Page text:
The raw food diet is more of a philosophy and lifestyle choice than a conventional weight-loss diet. A raw food diet is one in which 75% or more of the food a person eats is uncooked. Generally, raw foodists believe that the closer a person can come to eating a diet that is 100% raw, the better that person’s health will be.
Raw food, as defined by many raw foodists, is unprocessed food whose temperature has never reached above 116°F. Some raw foodists make a distinction between “raw” and “living” foods. Raw foods, they define as uncooked foods, while living foods are uncooked foods that contain more enzymes because they have been “activated.”
Raw foodists can be vegans and eat no animal products; vegetarians, who eat dairy products and eggs but no meat; or omnivores who eat both vegetables and meat, so long as their food is raw. The majority tend to be vegetarians or vegans who prefer to eat uncooked, unheated, unprocessed organic food. Some go so far as to advocate that the raw foodist grow his or her food instead of purchasing it from commercial growers.
Is it healthier than cooked diet plans?
Raw food diet supporters believe that eating mostly or all raw food is ideal for human health. However, like many of the core beliefs behind the raw food diet, this idea is not backed by science. In fact, research shows that both cooked and raw foods have health benefits. One of the main reasons the raw food diet discourages cooking is because of the belief that cooking destroys the natural enzymes in foods. The diet’s advocates believe that these enzymes are vital to human health and digestion.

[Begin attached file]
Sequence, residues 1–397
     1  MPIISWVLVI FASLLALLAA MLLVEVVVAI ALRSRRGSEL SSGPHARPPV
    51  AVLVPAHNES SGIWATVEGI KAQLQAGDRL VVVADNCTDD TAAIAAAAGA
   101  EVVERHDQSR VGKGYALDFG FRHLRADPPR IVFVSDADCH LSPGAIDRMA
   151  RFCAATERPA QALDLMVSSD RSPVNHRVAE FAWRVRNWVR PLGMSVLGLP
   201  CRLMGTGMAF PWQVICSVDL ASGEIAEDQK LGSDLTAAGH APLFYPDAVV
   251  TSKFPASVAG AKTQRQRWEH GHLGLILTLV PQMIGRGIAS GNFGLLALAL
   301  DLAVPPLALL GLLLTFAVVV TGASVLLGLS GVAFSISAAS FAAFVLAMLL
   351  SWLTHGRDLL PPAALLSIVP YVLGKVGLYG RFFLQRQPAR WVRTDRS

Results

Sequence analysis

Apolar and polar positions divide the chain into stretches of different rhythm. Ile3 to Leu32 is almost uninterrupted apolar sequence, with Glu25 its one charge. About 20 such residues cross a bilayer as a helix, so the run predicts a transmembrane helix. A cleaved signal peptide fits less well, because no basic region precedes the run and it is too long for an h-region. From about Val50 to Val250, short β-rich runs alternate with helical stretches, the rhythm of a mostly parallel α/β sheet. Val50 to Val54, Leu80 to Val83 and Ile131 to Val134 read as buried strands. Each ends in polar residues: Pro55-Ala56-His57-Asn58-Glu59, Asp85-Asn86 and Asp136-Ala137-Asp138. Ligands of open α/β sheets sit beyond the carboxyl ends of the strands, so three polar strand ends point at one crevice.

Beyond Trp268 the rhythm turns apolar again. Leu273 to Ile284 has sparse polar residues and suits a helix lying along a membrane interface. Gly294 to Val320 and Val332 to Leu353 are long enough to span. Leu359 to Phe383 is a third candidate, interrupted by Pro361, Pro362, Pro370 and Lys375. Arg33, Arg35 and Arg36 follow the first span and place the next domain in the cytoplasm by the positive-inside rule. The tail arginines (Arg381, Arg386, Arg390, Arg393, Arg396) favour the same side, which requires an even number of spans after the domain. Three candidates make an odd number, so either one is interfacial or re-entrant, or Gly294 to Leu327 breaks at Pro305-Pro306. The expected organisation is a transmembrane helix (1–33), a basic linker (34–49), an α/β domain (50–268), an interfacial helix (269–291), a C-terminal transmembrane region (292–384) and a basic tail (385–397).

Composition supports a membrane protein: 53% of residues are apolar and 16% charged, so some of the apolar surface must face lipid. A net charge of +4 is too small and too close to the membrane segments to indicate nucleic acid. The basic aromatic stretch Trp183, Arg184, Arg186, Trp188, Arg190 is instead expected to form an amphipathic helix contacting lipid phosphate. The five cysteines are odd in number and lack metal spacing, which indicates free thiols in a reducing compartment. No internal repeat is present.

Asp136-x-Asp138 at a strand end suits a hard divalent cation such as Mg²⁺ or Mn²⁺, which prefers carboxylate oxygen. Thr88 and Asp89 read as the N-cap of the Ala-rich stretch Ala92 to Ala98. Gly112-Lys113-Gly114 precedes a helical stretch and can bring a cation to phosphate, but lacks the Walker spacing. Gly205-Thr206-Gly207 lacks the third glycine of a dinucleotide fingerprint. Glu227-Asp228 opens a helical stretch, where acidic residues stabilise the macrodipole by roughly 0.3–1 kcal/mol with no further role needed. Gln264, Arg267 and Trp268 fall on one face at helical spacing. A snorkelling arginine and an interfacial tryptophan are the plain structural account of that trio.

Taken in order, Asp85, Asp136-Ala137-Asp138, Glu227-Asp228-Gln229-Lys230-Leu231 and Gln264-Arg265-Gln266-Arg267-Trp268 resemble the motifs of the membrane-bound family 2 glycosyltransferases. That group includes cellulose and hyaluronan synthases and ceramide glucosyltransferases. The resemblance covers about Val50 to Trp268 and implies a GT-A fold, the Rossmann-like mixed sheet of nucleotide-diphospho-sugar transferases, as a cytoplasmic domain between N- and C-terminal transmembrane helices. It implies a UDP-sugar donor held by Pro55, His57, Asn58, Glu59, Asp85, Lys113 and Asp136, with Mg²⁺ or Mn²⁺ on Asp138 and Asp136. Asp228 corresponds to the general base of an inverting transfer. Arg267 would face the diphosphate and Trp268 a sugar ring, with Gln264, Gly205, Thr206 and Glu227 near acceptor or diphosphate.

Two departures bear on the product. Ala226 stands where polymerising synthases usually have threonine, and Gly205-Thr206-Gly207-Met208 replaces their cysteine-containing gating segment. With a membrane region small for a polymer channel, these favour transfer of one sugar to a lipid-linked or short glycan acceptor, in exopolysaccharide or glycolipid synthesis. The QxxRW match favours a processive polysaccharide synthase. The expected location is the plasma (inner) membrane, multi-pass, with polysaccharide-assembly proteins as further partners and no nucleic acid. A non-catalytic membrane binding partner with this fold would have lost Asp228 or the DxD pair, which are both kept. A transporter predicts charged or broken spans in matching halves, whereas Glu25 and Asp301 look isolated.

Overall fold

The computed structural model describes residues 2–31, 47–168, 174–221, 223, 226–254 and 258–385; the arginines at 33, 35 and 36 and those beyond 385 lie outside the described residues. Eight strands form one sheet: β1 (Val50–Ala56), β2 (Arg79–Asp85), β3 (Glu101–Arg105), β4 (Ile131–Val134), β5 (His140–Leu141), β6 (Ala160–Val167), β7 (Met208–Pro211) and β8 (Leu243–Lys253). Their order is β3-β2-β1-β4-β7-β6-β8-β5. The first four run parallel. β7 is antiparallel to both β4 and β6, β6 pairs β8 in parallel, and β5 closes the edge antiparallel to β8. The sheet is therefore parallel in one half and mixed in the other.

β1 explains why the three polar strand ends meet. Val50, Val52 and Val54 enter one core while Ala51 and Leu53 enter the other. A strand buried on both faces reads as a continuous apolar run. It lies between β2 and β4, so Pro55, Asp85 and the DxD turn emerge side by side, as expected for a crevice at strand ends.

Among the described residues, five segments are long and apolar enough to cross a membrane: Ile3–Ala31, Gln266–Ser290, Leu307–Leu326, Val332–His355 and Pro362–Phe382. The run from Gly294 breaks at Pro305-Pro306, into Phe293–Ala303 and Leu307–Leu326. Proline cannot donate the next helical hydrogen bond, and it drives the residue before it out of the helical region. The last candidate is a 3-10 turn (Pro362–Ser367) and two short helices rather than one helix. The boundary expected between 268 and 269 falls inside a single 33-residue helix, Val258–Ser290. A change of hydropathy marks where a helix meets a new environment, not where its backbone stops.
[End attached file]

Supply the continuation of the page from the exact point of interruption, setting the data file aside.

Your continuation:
Followers of a mostly raw vegan diet may have difficulty consuming enough vitamins, including vitamin B12, zinc, iron, vitamin D, and calcium. Supplementation might be necessary if levels are low. Additionally, cooking certain foods can increase the bioavailability of nutrients as well as increase absorption. For example, roasting pumpkin seeds in canola oil increases absorption of fat-soluble vitamin A and cooking tomatoes increases lycopene.
Does it help with weight loss?
Diets that involve large amounts of processed food may result in overeating and weight gain. These diets tend to be high in calories, sodium, sugar, and fat. A raw food diet encourages eating unprocessed food, which is associated with a reduced risk of cardiovascular disease, type 2 diabetes, and cognitive decline. However, this isn’t exclusive to a raw food diet.
Moreover, the diet consists of a high concentration of natural sugar from fruit but is likely to be low in added sugar that is usually found in processed foods. Those following a raw food diet may be at reduced risk of diseases linked to high intakes of added sugar, such as obesity, heart disease, diabetes, and non-alcoholic fatty liver disease.